And now gamer-linguist nerd crossover content that may not be for everyone. You are warned.
A discussion of the word for “nerd” in Chinese included a note about Chinese usage of the term “PK,” which is comparable to English “pwn” or “versus.” (I hope that usage converges, otherwise you need strong context to tell whether the word implies simply opposition or also the result of that opposition.) Excerpt:
5. As so often happens when words cross from one language to another language, it does not mean exactly the same thing in Chinese (“to thoroughly dominate; to beat” [in one-on-one or multiple competition]) that it means in English (“player killer”).
I note that the English usage is also ambiguous. In our MMO context, I am most familiar with “PK” as an abbreviation for any sort of PvP player, but my usage arises from starting MMOs with Asheron’s Call, where characters had a PK flag that indicated whether they were participating in PvP. Victor Mair suggests that Counter-Strike players use “PK” where I would use “TK” (“team killer”) or perhaps “griefer,” someone who intentionally shoots people on his/her own team rather than the enemy. Feel free to contribute from your own idiolect in the comments.
The researchers Victor Mair mentions in his post (Matt Smith and Brendan O’Kane) have graciously forwarded me their notes with permission to use them for posting. They track the term back to MUDs. This is your chance to be on the cutting edge of Chinese gamer linguistics and potentially contribute to research in its advancement. Are you excited? I’m excited.. Continue reading
The blade itself incites to deeds of violence.
— Homer, The Odyssey, although I cannot find a translation online that uses that exact phrasing.
It is not a slippery slope argument to say, “Developing the capacity to X makes X much more likely.” Beyond the tautology that you cannot do X if you cannot do X, we find that humans are more likely to pursue options that are readily available. Once you have the ability to do something, you start finding occasions for it. This is a driver of progress and source of anguish.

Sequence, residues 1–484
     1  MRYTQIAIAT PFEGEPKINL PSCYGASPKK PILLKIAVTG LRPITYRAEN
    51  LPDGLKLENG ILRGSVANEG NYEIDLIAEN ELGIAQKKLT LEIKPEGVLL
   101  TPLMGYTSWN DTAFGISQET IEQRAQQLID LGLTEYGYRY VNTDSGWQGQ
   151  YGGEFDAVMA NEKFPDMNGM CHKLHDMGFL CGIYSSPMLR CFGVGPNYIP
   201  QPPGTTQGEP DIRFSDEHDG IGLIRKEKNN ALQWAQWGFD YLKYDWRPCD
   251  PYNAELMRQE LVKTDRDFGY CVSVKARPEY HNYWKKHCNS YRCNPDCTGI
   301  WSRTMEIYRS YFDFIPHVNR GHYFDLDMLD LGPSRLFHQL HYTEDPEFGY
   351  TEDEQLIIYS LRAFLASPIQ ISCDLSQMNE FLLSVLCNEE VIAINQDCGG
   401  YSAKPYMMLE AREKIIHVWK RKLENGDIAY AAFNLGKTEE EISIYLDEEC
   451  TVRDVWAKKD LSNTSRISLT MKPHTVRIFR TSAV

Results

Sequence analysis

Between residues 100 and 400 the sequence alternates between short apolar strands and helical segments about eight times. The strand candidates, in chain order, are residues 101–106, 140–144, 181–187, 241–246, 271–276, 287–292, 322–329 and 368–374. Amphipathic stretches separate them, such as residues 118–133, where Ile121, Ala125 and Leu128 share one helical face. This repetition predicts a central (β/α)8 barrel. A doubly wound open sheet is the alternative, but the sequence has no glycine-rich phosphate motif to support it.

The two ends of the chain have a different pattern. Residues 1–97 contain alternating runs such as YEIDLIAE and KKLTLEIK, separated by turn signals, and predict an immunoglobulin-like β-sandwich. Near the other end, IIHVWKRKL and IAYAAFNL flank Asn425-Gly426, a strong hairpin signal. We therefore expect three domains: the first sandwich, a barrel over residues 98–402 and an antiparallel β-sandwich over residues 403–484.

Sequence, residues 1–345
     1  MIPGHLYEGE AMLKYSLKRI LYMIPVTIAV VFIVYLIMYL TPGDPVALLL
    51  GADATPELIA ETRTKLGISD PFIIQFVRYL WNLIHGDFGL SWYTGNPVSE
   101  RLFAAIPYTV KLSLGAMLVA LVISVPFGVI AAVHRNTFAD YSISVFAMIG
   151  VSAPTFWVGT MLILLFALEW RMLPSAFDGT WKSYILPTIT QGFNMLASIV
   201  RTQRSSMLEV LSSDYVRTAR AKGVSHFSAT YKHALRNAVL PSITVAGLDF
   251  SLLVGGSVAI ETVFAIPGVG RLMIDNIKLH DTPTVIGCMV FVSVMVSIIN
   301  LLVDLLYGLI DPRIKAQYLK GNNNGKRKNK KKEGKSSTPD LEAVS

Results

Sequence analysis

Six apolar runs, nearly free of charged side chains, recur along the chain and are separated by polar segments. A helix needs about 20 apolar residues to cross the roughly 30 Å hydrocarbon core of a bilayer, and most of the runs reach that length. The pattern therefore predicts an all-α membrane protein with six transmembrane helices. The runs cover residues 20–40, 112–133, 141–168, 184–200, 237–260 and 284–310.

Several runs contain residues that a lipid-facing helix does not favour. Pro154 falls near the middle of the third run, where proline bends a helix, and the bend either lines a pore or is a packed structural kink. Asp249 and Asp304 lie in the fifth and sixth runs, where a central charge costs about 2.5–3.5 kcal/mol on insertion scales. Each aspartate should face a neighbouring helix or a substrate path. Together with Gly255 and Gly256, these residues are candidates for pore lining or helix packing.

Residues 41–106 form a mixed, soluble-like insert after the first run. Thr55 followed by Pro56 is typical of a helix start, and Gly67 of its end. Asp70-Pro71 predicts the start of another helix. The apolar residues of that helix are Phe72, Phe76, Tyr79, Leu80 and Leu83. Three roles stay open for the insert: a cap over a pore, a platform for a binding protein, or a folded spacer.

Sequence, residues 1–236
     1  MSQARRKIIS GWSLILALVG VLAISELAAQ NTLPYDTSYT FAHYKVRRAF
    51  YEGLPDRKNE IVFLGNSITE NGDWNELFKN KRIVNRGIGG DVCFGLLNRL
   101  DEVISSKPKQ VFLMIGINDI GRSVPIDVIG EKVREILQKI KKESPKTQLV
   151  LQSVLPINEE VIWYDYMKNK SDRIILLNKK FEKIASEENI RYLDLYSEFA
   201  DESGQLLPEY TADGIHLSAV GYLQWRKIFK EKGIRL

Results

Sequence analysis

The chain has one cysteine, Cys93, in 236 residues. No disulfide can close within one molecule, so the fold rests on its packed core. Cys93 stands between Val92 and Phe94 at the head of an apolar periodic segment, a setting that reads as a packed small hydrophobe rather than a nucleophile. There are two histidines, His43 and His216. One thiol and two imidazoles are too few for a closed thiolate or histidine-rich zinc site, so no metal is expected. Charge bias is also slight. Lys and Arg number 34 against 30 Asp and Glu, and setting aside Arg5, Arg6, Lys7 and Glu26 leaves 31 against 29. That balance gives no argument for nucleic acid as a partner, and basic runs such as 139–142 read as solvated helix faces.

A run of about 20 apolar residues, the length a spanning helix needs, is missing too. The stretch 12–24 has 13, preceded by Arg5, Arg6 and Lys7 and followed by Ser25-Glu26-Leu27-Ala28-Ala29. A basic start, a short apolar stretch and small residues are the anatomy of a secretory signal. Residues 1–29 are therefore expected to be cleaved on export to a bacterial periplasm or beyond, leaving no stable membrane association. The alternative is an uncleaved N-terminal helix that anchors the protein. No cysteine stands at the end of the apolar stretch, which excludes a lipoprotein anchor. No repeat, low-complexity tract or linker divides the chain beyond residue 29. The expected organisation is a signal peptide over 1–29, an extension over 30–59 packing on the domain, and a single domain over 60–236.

I often cite smaller games because people are unaware of them or vastly underinformed. So if you like Darkfall’s prowess system, you can go play that right now in Asheron’s Call 1. Seriously, that system existed in 1999, although games did not have achievements at the time. You could even be playing the PvP version on Darktide!
To explain from the comments on that post, AC1 never had level adjustments. Levels are (were) estimates of relative power, not like in most MMOs where you must fight within the range of a few levels or there will be massive penalties that mean instant death. Level 30 archers can (could) hunt level 100+ monsters just fine with the right preparation. Levels give you more skill options, but the rest of the xp/skill system work(ed) exactly as described: doing things gets you a pool of xp that you can spend on whichever skills and attributes you like.
AC1 did mix in a bit of use-based skills by giving extra “practice point” xp for skill use. This involved an interesting formula that rewarded you for doing increasingly difficult things (rather than repetition), but it may not even still be in the game, so I am not going to spout algebra just now.
[Warning: there are some TV Tropes links in here.]
I have confessed to contributing to self-fulfilling prophecies: if you do not commit to something/one because s/he/it may not be around for long, s/he/it probably will not be around for long. So how do you invest yourself in something when the producers have a left a wake of unfinished and canceled projects?
In 2010, Ethic suggested that Tubrine bring back Asheron’s Call 2 under F2P. It’s not there yet, but there is a free beta available to Asheron’s Call 1 subscribers. Questions that spring to mind:
- Is any of the old AC2 team going to be on this project? A different set of developers yields a very different game. Granted, given the commercial success of the original, changes might not be a bad business idea.
- How do I go about reclaiming an Asheron’s Call account that has been lying fallow for perhaps a decade?
via Ethic via Massively
Assassin’s Creed 3 lets you pet dogs. Asheron’s Call lets you tip cows (and even added a quest for it). Guild Wars 2 uses some animal and NPC interactions for its hearts, such as feeding cows or watering crops.
Every now and again, it’s nice to have options other than “kill them,” you know? You may not spend much time tipping cows or petting dogs, but just knowing the option is there makes the game a bit less of a murder simulator.
Every time I see the abbreviation for Assassin’s Creed 3, I think, “They’re making Asheron’s Call 3?!?!!”